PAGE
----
In the early Eighties, according to a book on Jim Bakker's empire, Wead heard born-again actor Efrem Zimbalist Jr. fret on a Florida golf course about rumors that Bakker was having a homosexual affair with a young man named David. A short time later, Wead, a longtime off-and-on associate of Bakker's, was standing in the televangelist's steamy massage room, telling Bakker and David that the rumors were flying. He gave Bakker some advice on how to handle the rumors.
On April Fool's Day in 1986, the beleaguered Jim and Tammy Bakker celebrated their 25th wedding anniversary at a dinner party carried live on their PTL television network. Doug Wead, who was one of the speakers, delivered a lengthy joke about TV evangelists in hell. "Jim and Tammy Bakker," he cracked to the crowd, "are raising money to build a water slide and air-condition the place."
Wead has written books with presidents Reagan and Bush and ex-Interior secretary James Watt and a string of biographies of Amway people for sale to other Amway people-in which the reader discovers Christ, Amway and wealth.
Yes, Wead has been in the black holes of Calcutta and both wings of the White House. Though he never came close to earning a college degree, in 1990 Wead won an honorary degree from Oral Roberts University in Tulsa, Oklahoma. He told the ORU graduating class: God didn't put you here to watch television! He put you here to be on television!"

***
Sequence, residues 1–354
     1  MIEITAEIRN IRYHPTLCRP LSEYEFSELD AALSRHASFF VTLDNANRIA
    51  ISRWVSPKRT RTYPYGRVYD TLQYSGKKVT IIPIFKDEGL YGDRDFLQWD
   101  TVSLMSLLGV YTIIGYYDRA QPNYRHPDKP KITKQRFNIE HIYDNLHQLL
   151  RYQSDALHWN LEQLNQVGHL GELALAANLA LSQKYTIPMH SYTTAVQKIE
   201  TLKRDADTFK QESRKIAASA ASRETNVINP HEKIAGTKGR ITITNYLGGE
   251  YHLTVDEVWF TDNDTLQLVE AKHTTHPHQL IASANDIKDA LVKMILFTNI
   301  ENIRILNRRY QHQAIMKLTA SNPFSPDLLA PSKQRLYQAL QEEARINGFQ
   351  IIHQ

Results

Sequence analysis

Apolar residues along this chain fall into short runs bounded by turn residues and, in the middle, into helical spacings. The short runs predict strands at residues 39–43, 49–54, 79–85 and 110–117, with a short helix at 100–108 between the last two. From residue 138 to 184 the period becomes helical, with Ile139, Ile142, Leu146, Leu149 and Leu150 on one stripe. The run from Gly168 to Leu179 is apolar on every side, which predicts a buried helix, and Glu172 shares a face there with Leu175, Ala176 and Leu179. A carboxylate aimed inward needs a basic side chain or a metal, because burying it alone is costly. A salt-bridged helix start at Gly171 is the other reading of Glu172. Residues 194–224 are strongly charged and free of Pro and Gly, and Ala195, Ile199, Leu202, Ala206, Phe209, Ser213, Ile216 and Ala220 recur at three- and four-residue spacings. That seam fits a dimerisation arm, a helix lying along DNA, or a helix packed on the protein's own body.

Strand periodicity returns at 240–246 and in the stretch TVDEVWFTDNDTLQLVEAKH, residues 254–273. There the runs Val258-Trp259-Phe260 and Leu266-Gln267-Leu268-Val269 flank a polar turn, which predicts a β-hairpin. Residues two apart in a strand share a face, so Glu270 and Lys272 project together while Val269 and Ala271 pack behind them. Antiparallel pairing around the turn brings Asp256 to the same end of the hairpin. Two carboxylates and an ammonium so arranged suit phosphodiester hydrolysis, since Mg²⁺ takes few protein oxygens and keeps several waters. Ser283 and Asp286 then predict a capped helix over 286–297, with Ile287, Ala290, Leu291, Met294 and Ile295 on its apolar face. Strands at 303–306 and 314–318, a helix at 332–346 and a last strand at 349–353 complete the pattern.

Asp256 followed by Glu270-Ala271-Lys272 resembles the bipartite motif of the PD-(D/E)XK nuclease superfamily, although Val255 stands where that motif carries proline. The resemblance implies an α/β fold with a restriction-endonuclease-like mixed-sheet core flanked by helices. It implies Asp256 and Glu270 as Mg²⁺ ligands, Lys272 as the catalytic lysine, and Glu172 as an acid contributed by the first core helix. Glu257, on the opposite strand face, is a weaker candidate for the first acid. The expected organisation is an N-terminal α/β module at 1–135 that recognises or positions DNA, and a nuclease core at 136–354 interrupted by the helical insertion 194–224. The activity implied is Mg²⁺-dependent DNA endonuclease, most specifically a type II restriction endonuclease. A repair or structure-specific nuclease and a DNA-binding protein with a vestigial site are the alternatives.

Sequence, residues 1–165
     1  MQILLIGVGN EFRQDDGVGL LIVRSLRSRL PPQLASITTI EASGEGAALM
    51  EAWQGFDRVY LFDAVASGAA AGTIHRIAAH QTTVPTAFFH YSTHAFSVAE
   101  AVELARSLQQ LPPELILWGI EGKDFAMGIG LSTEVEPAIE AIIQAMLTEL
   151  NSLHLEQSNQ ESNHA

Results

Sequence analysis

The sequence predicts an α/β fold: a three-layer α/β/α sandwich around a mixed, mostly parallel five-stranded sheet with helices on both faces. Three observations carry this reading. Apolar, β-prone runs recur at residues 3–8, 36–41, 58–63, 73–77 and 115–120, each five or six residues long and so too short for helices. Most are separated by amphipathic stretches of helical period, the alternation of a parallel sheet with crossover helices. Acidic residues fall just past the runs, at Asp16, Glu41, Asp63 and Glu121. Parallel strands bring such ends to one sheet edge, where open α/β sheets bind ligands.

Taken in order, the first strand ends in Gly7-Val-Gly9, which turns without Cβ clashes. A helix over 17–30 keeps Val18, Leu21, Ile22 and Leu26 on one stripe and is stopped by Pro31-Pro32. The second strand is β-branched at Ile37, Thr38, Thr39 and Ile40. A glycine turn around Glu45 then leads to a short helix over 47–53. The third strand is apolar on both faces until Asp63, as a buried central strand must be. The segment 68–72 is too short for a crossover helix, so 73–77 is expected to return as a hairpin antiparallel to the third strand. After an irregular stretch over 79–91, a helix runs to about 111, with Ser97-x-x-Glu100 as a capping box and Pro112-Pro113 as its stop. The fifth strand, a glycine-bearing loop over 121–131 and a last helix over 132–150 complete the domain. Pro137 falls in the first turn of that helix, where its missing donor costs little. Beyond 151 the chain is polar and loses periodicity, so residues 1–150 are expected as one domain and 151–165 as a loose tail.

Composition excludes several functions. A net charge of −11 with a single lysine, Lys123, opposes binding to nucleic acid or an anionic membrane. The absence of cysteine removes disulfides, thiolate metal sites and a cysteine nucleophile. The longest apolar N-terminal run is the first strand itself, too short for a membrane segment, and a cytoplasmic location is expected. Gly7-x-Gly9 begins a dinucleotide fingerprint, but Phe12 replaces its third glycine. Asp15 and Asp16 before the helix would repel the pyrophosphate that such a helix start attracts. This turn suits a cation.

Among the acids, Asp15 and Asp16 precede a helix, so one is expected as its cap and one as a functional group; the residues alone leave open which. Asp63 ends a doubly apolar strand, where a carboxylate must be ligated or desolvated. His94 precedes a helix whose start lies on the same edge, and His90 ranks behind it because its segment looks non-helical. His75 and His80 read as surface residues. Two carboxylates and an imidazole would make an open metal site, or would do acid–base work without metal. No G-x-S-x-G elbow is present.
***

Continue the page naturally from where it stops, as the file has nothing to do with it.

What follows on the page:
During the 1988 presidential campaign, Doug Wead helped prepare his boss, George Bush, by acting out the part of televangelist Pat Robertson in a months-long series of exhaustively researched and well-financed mock presidential debates.
One of Doug Wead's other memorable performances occurred last Thanksgiving weekend at an Amway seminar in Miami, Florida. That Saturday night, Wead explained to the thousands in attendance about the It's Time tax-initiative drive on the other side of the continent, in Arizona.
The real performance occurred the next morning, in front of a large crowd of Amway Christians.
Amway distributor David Selph of Augusta, Georgia, recalls it vividly: "Doug Wead is fantastic! Are you a Christian? Listen, he delivered the Sermon on the Mount-from memory! The whole thing! It was almost like Jesus was up there!"
A few days later, David Selph sent a check for $30 to the It's Time campaign.
That same month, Wead spoke about It's Time at another Amway rally, this one in Nashville, Tennessee. "He's a fabulous speaker," says distributor Louise Longanecker of Gardner, Kansas. "He tugs at everybody's patriotism, motivates people to have an awareness. He creates a spirit of patriotism. He talks about family values, community awareness and responsibility and free enterprise." Wead told the Amwayers in Nashville about the It's Time tax-initiative drive in Arizona. "He talked about some of the things he was hoping to bring about, and he asked for help," she recalls. A few days later, Louise Longanecker and her plumber husband, Curt, sent a check for $30 to It's Time.